Second, in addition to running internal static, unit, and integration tests, we partner with third-party firms to run periodic penetration tests, and validate our product architecture and design. We also use a variety of security monitoring tools to detect risks in real-time and test new features and products in real-world scenarios.

Finally, ‍Latch devices are designed to get better every day. Because all our products can be updated wirelessly, we’re able to roll out the latest security features and fixes quickly and easily.

Who can view my access history? How long is this data stored for?

If you have resident status at a private unit door, your activity history at your private door is not visible nor shared with anyone at your property, including landlords or property managers. For the safety of the building, activity by all users at common doors (regardless of user status and including residents) is captured and visible to property management staff. Activity by all users who do not have resident status (e.g., residents’ guests and users of 24 hour doorcodes) at private unit doors is visible to the resident of that unit as well as property management staff. 

Any available access logs (for buildings outside of New York City) will be retained for a two-year retention period. This is to ensure that you’ll have access to a history of who entered your space and when (including landlords, property managers, and building staff), which helps resolve disputes if and when they occur. Activity logs older than two years will be depersonalized two years after they are generated.

While we strive to capture all access events, in limited instances, we may experience unintentional loss of access event data that is associated with the operation of our products. Such expected access event data loss may limit your ability to view certain access events.


Does Latch’s data retention policy comply with New York City’s Tenant Data Privacy Act?

Yes, we have revised our Privacy Policy to comply with New York City’s Tenant Data Privacy Act. This change will automatically be effective on July 30, 2021 for all Latch users in a New York City property and applies to data collected on or after that date. This change impacts users across LatchOS applications for consumers and enterprises in New York City. More information regarding this NYC data retention policy can be found in our Privacy Policy.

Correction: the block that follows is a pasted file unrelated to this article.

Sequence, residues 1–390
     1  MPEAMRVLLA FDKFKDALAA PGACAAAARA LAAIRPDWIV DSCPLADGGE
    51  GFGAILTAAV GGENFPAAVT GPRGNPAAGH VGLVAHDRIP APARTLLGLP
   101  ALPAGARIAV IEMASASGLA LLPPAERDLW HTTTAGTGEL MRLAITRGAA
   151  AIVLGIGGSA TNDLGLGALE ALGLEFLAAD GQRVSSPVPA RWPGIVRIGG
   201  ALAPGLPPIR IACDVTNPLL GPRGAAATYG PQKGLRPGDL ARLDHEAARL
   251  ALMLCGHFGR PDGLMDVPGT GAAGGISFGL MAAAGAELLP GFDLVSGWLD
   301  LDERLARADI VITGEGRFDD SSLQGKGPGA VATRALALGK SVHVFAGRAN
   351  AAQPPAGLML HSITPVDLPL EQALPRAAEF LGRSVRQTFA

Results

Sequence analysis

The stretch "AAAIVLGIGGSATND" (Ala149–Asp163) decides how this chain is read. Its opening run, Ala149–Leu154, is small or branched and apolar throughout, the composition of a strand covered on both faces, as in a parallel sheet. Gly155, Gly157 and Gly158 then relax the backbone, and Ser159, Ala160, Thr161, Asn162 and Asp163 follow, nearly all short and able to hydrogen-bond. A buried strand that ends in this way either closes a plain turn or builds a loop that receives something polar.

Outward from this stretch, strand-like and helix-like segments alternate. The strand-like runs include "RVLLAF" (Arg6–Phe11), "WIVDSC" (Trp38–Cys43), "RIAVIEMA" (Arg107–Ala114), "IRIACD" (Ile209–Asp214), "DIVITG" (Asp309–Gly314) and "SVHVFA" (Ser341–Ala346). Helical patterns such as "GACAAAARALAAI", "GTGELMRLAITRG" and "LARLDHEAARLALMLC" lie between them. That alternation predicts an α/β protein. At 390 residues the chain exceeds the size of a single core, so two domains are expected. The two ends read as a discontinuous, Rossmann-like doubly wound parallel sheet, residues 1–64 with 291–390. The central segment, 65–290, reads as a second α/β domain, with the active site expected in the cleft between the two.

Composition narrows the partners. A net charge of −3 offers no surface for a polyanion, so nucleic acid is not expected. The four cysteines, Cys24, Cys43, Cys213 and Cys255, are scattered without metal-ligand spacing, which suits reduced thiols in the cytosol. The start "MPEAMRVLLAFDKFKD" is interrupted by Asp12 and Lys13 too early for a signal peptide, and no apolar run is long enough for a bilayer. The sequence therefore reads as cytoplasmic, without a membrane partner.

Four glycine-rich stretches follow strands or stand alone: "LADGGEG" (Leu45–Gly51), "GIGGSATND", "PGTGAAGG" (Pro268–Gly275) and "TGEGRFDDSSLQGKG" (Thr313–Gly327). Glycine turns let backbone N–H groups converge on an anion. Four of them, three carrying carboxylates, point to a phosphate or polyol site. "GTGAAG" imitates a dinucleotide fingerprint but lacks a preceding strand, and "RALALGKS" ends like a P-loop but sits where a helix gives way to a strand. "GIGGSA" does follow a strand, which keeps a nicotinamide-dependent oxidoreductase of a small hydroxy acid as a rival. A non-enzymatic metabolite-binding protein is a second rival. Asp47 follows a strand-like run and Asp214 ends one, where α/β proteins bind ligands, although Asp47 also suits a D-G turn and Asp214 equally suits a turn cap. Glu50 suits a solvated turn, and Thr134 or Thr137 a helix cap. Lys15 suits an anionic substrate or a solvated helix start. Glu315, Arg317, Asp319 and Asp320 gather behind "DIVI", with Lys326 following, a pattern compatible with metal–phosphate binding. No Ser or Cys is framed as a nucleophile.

What if my phone gets stolen and I can’t use the Latch App?

We’ve designed our devices to unlock using four different kinds of credentials: the Latch App, a doorcode, a keycard, or a mechanical key. If you were unable to use your Latch App, your property manager could send you a secure doorcode via email—and in the case your phone was stolen or lost, they could temporarily remove your building access to protect the security of your apartment. 

What if my Latch device stops functioning? Can the technology stop working?

Your unit-entry device has been designed to support entry via a backup mechanical key, so you will always be able to unlock your door. In the rare event that software issues lead to unexpected downtime, Latch has engineering and customer support teams that are on call to provide around-the-clock assistance. 


For the Latch C2, because it inherently does not have a physical key, Latch has designed a Qi-compatible Inductive Jumpstart.* This allows the device to be powered and unlocked in the event the batteries unexpectedly drain or fail, ensuring that you can access your unit by using a Qi-compatible power bank (such as the one linked here) to power the device.

Watch our Inductive Jumpstart training video here.


*In addition to the C2, Inductive Jumpstart is available on all Latch devices with a Geneva Lens. To determine if your Latch device has a Geneva lens, select the door in your Latch App and choose 'Device Details.' If the Firmware begins with 'G,' your device has a Geneva lens. 



What if my Latch App or unit-entry device is hacked?

We’ve approached security from every angle to reduce the risk of malicious activity. We continuously test our hardware and software against potential threat models and frameworks to get ahead of potential risks, and are committed to making software updates if and when vulnerabilities are detected. Additionally, we’ve taken steps to ensure that access information is protected: encrypting data on our devices as well as on our back-end servers, building in strong authentication and data leakage provisions, and more. 


To learn more about how our security program has been designed to meet commercial best practices, visit

Do Latch devices take photos?

We designed Latch devices so you can easily and securely enter your space and share access with those you trust. For peace of mind, some Latch devices have a camera on their exterior that takes photos in specific situations while preserving your privacy, so you can check who entered your space and when (Latch C, Latch M, and Latch R). The Latch C2, current Latch M, Latch T and E-Genius Powered by Latch do not have a camera.

When are photos taken at private unit doors?

  • Latch devices with cameras on private unit doors only take photos under specific circumstances, namely during a failed/incorrect doorcode attempt and when someone uses a daily doorcode. Latch devices at private unit doors do not capture photos during Latch App (Bluetooth) unlocks, mechanical key unlocks, keycard unlocks, or doorcode unlocks that are not 24-hour daily doorcodes (i.e. no photos are taken if a user utilizes the doorcode provided with Latch App access).

When are photos taken at public doors?

  • For the security of the building, Latch devices at common area/public doors take photos of the following unlock events regardless of user type (resident, guest, accounts with property management permissions): Latch App (Bluetooth) unlocks, 24-hour daily doorcode unlocks, and doorcode unlocks that are not tied to 24-hour daily doorcodes.

Who can see the photos?

If you have resident status, photos at your private unit door are visible only to you, other users with resident status at your private unit door, and authorized building personnel.

Note: The lens on the R, M, and C devices is not capable of taking video.